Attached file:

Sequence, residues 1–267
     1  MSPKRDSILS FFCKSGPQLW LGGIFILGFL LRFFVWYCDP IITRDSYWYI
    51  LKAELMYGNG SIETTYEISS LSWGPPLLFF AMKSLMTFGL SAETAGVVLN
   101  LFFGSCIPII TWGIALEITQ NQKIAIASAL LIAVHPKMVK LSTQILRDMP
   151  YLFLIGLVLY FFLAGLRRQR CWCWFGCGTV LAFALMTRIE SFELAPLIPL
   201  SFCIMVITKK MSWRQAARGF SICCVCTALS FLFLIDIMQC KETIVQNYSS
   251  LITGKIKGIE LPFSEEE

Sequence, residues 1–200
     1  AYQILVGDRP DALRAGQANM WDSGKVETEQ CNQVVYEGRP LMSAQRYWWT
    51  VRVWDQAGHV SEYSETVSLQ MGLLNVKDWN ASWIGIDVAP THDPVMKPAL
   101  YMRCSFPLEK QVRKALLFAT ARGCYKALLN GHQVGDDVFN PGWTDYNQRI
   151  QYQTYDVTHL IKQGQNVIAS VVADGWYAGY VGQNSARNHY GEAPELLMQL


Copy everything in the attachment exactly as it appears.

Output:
Sequence, residues 1–267
     1  MSPKRDSILS FFCKSGPQLW LGGIFILGFL LRFFVWYCDP IITRDSYWYI
    51  LKAELMYGNG SIETTYEISS LSWGPPLLFF AMKSLMTFGL SAETAGVVLN
   101  LFFGSCIPII TWGIALEITQ NQKIAIASAL LIAVHPKMVK LSTQILRDMP
   151  YLFLIGLVLY FFLAGLRRQR CWCWFGCGTV LAFALMTRIE SFELAPLIPL
   201  SFCIMVITKK MSWRQAARGF SICCVCTALS FLFLIDIMQC KETIVQNYSS
   251  LITGKIKGIE LPFSEEE

Sequence, residues 1–200
     1  AYQILVGDRP DALRAGQANM WDSGKVETEQ CNQVVYEGRP LMSAQRYWWT
    51  VRVWDQAGHV SEYSETVSLQ MGLLNVKDWN ASWIGIDVAP THDPVMKPAL
   101  YMRCSFPLEK QVRKALLFAT ARGCYKALLN GHQVGDDVFN PGWTDYNQRI
   151  QYQTYDVTHL IKQGQNVIAS VVADGWYAGY VGQNSARNHY GEAPELLMQL